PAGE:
Tomorrow I'll be running the Elizabeth 8K, my last tune-up race before the Big Sur Marathon. I've never run an 8K before, so I'm guaranteed to PR, but I'd like to really put up a good time. The weather is slated to be a bit warmer than I'd like, around 57 degrees, but it should still be comfortable. I searched around on the Garmin site and found this record of a runner's race from last year. Mainly I was interested in the course's elevation profile, so here it is:
The small jags are probably just GPS artifacts, but the larger patterns make it clear that the course starts out with an uphill leg, it's flat for a bit, then there's a long downhill and a long uphill before a flat-to-downhill finish. What does that mean for strategy? Overall the course isn't actually that hilly, with a cumulative gain of 178 feet. The easy 5.68-mile recovery run I did today, for example, has a gain of 266 feet. The UNCC homecoming 5K, where I PRd, has a gain of 338 feet in just 5K! I also think the course plays out a little better for me than the St. Leo 10K, because it has a nice sustained downhill which should allow me to get a bit of a rest in Mile 3 before heading uphill in Mile 4.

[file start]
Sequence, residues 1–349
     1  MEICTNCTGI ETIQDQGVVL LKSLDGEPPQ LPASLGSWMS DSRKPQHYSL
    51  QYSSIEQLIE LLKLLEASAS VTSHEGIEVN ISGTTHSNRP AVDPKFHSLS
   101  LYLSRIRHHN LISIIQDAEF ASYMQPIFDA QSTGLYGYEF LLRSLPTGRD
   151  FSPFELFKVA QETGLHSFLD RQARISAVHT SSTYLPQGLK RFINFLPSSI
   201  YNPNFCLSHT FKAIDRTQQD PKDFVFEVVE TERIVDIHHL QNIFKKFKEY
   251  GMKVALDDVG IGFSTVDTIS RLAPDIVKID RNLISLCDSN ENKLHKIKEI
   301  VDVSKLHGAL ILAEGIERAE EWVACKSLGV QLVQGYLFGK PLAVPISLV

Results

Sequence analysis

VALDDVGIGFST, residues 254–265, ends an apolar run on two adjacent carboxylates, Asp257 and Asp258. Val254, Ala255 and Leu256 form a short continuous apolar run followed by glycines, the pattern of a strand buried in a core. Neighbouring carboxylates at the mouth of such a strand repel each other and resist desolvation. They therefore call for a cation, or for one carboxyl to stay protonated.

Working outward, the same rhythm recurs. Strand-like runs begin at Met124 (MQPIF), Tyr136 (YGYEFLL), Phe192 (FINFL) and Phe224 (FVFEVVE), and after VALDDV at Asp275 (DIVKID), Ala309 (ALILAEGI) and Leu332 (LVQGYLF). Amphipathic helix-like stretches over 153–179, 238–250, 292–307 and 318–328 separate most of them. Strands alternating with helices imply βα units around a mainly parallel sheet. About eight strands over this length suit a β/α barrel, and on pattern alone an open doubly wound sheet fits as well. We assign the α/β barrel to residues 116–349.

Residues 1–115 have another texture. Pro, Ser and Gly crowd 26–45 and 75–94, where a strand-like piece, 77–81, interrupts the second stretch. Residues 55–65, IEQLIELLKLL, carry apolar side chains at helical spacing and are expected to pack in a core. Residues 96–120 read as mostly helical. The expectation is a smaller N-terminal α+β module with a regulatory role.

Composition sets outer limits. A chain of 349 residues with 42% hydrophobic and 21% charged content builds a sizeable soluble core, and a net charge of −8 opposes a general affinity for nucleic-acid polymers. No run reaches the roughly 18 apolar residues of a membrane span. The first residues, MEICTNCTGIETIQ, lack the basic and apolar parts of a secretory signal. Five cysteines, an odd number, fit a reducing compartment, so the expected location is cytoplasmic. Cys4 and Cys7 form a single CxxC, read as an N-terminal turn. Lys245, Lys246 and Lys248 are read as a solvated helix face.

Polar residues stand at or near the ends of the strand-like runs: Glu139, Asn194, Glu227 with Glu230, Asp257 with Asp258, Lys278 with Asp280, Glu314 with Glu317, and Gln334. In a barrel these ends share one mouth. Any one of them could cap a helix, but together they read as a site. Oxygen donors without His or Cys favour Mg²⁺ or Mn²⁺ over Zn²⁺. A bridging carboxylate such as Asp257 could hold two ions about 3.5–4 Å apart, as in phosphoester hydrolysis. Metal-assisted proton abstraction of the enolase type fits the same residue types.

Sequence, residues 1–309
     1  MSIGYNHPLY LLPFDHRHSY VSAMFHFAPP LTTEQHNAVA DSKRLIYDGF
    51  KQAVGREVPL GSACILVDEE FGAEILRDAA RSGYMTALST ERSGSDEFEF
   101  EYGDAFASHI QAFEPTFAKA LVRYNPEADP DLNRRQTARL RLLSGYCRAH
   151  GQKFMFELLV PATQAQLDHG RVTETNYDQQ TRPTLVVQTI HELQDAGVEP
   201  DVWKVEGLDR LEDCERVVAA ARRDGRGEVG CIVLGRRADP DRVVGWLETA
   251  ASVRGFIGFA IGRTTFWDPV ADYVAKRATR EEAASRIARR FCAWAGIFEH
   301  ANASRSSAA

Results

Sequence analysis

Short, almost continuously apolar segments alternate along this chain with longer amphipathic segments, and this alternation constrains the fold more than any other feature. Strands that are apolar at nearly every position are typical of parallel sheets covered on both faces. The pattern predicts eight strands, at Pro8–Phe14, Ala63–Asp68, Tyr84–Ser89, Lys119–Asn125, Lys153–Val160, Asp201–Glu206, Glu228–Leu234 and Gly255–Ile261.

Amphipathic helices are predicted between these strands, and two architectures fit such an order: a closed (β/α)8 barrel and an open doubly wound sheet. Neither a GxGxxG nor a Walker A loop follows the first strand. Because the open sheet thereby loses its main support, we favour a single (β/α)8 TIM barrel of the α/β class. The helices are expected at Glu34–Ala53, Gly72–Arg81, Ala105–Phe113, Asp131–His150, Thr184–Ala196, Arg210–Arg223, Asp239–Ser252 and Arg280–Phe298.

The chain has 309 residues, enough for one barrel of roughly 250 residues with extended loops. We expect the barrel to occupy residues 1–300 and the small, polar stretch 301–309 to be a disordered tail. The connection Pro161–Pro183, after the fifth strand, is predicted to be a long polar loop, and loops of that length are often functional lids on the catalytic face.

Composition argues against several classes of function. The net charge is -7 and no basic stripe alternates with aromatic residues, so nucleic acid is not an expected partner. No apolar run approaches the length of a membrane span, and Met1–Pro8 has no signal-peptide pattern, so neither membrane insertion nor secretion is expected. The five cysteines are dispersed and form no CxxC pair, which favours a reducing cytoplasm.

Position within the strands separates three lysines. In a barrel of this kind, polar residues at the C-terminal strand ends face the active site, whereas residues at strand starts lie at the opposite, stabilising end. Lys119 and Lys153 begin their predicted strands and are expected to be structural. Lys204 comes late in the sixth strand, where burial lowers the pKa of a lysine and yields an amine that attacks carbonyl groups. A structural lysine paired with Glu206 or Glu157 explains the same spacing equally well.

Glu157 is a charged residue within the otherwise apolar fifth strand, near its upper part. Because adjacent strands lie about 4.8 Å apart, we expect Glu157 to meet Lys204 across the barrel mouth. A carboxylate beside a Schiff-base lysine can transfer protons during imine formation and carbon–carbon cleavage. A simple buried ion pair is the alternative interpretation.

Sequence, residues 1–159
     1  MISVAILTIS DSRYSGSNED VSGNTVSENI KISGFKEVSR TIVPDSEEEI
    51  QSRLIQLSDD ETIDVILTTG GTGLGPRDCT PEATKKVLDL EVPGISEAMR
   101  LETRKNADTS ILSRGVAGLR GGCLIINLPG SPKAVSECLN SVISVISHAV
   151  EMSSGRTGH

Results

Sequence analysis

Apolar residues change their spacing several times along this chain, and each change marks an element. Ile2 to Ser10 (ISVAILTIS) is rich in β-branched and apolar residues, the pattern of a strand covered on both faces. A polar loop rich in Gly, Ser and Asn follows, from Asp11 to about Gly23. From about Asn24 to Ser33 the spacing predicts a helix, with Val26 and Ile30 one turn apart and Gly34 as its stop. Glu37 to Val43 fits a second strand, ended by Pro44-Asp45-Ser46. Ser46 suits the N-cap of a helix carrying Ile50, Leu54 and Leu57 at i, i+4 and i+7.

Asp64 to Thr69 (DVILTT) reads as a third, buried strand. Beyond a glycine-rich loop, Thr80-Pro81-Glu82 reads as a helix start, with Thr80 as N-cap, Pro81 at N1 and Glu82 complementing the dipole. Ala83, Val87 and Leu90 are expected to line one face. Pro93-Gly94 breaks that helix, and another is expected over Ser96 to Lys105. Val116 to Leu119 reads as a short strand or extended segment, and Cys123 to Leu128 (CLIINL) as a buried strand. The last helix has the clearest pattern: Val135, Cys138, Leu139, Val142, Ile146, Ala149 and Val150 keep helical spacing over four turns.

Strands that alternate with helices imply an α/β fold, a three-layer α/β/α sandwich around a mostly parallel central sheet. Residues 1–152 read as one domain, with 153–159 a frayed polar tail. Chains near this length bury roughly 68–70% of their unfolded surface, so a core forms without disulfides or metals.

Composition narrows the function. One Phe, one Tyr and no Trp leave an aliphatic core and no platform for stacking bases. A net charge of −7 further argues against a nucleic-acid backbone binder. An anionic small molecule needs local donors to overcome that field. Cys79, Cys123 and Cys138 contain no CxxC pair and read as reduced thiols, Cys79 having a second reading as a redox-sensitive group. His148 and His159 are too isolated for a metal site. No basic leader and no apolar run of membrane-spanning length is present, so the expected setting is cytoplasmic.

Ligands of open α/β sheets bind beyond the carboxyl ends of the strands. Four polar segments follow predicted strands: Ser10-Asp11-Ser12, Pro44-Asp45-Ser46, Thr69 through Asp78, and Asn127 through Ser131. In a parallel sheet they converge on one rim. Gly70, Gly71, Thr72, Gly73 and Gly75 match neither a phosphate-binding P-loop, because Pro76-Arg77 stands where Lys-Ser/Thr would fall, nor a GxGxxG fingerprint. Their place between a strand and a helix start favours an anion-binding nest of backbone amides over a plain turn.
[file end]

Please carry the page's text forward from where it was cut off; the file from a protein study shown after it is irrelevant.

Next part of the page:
So what's the strategy? I'd like to run Miles 1, 2, and 3 at a 6:50 pace. While Mile 1 has a bit of uphill, it's also Mile 1. Mile 2 is flat, so I should be able to sustain that pace, and Mile 3 is downhill so enough said there. Then on solidly uphill Mile 4 I'll do the best I can — if I can keep up the 6:50 pace, that would be ideal, but even if I slow down to, say, 7:10, that's okay, because Mile 5 is flat to downhill. I should at least be able to get back to a 6:50 pace, if not go faster, assuming I'm feeling relatively good that day.
That would put me solidly under a 7:00 pace, under 35 minutes for the whole race, which would really feel like a PR — I'd be running this race at about my 5K PR pace. Today's 5-mile recovery run felt good, so hopefully it's not unreasonable to think I can do well tomorrow.
Details of today's workout are below.